In front of me is a candle, a simple tea-light. It doesn’t display a glorious arc of spectral colours. It isn’t exciting. It’s humble, vulnerable-looking even. But it’s steady and constant. It bears an honesty that the world around is dark. And its small yet intense flame transmits a resilient hope: reassurance that it will always overcome the dark. In its steady constancy can be seen the Light of the World.

We have learned in lockdown to be ‘tunnel people’. We hope to see the light at the end – our rainbows. Even more we need light in the tunnel for the journey. My tea-light is one of a box of 100 – there’s plenty of uplifting light to come! We need those encouragements to keep moving forward – maybe we’re more like the horses in the tunnel after all.

Rev David Carrington

   * I discovered this whenever visiting family North of the river as a child (not via horse and cart).

Team Vicar of Escot, Feniton and Payhembury

The Rectory, Station Road, Feniton 01404 850905 This email address is being protected from spambots. You need JavaScript enabled to view it.

Rectory notes April 2021 – Does life win?

It’s Saturday of Easter weekend last year, on the hill above Feniton. It’s dawn. We can’t hold our usual Sunrise Service there the following day due to this new national ‘lockdown’. I am making a fumbling attempt at filming an introduction for an Easter video service. And the sunrise is perfect. The huge orange ball emerges inch-by-inch above the hills over Honiton. At the end of the year I will compile an album of 2020 lockdown photos – that sunrise is now its front cover.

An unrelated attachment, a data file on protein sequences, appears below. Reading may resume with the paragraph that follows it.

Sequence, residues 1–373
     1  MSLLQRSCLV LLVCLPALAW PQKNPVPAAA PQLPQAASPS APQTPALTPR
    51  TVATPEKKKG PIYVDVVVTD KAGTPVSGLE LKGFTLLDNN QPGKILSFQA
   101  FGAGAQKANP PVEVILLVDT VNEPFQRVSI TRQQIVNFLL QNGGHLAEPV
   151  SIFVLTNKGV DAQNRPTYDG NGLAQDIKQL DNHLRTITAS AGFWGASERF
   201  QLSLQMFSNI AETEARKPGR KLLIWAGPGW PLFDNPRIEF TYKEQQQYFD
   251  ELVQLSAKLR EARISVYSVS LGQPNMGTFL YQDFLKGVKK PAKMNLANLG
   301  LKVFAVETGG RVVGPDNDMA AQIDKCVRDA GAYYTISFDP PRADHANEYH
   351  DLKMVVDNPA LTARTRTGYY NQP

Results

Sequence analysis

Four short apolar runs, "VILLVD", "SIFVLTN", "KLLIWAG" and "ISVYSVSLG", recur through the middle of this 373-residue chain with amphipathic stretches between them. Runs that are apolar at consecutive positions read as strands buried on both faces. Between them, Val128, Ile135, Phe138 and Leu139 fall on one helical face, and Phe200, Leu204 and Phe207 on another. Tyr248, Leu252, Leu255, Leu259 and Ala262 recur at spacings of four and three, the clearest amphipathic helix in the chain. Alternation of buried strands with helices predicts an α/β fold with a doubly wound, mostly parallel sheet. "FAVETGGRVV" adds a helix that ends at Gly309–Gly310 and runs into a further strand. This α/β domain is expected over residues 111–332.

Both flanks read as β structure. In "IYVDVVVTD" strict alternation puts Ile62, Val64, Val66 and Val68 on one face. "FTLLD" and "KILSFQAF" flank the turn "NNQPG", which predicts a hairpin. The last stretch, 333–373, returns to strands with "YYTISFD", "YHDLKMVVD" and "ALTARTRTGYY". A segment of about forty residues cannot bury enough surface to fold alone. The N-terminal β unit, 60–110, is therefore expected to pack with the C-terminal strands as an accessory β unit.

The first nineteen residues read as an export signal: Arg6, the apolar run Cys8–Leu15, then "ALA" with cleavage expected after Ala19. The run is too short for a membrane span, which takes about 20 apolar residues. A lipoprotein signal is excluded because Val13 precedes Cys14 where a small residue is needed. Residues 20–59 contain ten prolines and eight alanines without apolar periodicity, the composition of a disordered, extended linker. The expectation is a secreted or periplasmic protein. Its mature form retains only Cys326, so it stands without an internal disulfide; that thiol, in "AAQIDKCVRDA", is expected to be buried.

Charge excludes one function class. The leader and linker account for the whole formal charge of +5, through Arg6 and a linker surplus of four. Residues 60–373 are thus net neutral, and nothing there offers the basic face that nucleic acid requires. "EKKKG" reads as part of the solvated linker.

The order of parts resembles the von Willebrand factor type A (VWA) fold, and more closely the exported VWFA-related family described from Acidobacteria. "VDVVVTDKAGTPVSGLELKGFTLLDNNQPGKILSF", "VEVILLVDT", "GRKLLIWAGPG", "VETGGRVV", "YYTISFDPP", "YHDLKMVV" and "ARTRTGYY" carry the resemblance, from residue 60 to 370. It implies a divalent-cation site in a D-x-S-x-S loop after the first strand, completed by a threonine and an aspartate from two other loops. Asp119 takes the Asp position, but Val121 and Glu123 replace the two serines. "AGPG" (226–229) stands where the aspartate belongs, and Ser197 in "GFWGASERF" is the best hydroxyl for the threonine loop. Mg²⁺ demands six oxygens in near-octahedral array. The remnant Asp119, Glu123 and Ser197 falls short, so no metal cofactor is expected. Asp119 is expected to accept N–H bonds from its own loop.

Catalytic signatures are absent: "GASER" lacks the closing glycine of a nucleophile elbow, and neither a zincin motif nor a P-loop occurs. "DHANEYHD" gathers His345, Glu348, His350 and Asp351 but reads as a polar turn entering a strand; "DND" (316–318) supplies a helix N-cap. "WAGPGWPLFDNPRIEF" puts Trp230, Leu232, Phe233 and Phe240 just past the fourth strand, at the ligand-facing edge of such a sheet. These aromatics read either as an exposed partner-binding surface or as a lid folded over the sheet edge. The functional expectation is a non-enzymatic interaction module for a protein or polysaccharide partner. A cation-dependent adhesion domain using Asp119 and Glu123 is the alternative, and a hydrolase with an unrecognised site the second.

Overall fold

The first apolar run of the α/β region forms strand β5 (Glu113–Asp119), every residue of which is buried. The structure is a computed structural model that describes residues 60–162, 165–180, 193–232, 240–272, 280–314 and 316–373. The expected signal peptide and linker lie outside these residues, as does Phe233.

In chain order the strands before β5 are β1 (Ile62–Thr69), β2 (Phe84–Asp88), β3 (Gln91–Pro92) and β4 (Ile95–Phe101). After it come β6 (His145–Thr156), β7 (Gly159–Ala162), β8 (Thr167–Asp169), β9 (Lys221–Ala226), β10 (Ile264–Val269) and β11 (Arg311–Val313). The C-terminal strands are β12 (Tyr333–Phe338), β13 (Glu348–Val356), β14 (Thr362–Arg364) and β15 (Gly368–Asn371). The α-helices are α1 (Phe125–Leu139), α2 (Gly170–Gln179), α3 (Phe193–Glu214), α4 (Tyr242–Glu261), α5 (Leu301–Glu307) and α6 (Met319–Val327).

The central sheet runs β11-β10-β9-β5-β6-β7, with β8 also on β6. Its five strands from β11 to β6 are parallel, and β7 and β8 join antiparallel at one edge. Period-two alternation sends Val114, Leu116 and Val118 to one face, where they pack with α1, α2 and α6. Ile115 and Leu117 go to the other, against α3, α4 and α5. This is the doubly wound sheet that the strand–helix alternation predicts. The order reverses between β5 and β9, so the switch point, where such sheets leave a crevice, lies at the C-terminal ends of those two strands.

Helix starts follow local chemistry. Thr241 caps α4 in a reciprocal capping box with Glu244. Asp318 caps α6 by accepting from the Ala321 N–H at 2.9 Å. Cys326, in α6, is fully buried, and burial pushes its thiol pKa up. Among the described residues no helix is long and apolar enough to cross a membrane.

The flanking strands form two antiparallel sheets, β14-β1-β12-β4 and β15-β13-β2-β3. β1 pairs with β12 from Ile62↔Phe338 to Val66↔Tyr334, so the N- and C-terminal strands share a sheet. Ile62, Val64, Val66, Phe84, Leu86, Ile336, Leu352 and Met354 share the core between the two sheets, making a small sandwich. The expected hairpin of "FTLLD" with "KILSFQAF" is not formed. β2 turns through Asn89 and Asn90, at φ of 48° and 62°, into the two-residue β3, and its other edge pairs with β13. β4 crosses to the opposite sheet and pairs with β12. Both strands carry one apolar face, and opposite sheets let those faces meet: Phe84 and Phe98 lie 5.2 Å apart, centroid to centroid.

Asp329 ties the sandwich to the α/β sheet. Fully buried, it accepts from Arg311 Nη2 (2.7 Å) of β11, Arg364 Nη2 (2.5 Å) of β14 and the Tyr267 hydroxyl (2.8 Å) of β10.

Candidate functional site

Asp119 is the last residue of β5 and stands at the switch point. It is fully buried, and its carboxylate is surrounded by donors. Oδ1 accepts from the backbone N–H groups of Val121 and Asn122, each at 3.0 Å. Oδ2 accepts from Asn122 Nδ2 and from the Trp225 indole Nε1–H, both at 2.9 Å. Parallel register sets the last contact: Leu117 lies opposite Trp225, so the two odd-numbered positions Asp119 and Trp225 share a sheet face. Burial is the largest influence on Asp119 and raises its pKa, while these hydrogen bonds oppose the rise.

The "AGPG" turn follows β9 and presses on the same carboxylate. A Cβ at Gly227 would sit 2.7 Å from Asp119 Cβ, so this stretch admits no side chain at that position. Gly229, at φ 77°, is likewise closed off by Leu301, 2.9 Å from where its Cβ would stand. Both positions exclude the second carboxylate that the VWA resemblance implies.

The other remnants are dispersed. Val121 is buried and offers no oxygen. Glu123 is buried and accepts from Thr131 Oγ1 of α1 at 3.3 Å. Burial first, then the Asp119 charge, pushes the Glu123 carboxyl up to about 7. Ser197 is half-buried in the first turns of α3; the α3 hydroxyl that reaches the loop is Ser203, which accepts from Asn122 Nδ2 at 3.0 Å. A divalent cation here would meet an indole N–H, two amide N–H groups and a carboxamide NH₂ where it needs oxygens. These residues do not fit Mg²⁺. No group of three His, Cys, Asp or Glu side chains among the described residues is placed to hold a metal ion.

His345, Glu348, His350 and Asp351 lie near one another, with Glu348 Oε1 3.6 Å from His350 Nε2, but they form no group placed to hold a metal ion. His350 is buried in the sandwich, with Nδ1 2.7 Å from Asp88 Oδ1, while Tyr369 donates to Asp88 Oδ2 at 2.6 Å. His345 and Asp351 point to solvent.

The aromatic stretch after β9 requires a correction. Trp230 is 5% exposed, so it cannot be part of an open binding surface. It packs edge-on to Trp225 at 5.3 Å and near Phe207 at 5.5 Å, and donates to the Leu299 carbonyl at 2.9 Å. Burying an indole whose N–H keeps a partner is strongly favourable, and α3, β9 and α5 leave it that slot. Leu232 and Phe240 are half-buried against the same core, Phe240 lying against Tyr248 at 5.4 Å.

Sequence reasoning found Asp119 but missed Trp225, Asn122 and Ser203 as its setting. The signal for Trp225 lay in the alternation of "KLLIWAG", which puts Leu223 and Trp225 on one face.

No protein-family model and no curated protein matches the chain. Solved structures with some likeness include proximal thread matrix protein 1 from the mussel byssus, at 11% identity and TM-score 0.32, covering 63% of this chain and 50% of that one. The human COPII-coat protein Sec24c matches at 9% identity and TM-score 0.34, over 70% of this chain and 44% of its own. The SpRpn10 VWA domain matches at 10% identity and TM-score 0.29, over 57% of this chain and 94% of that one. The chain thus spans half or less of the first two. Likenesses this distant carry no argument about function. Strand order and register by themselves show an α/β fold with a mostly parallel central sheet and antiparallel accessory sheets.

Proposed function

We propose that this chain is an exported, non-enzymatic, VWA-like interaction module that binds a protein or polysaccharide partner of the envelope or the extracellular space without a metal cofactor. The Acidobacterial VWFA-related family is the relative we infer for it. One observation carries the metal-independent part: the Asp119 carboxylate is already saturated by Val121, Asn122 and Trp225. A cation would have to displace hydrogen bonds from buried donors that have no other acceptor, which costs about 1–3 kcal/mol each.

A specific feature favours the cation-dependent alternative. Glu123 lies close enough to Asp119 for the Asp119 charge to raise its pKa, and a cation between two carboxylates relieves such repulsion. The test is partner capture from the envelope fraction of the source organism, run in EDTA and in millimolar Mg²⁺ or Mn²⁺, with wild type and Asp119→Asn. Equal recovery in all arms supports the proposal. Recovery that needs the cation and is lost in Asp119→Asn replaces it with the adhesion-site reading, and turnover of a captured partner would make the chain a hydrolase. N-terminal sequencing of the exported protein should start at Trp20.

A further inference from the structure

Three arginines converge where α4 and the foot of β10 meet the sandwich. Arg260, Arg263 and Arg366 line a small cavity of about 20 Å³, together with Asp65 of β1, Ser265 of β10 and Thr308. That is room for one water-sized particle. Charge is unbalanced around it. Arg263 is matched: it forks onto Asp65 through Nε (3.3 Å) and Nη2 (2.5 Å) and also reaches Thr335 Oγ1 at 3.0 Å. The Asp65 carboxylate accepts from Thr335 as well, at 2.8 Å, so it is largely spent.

Resurrection comes. Often slowly, but it comes. Those compact three days from the first Good Friday to Easter Day give us a pocket-sized picture of life. There’s been a lot of Good Fridays this past year: so much pain and struggle and tragically death. Covid-19 has joined the ranks of the destroyers of life, gleefully hammering another nail into the cross. Mercifully we are now armed with vaccines to mount a defence.

There’s been a lot of Easter Saturdays: that difficult point after the worst has happened – at least we hope it has – but we don’t yet see a future. A time when we fear that evil does in fact have the last word, that life will be squeezed out. A time of deep doubt. Yet a time when doubt is OK – for where can new life come from?

And then there it is – new life! Our resurrection from national pandemic restrictions is slow – Step-by-Step, week-by-week. But emerging we are. We can feel the warming rays of freedom begin to touch our bodies again. Our muscles can start to stretch once more. Life is edging back.

Where was God in those ‘three days’? Was he just in the resurrection? No, Christ travelled the whole journey, present in the death and darkness as much as in the life, with us every inch of the way. Indeed he led the way. He showed there is a way through.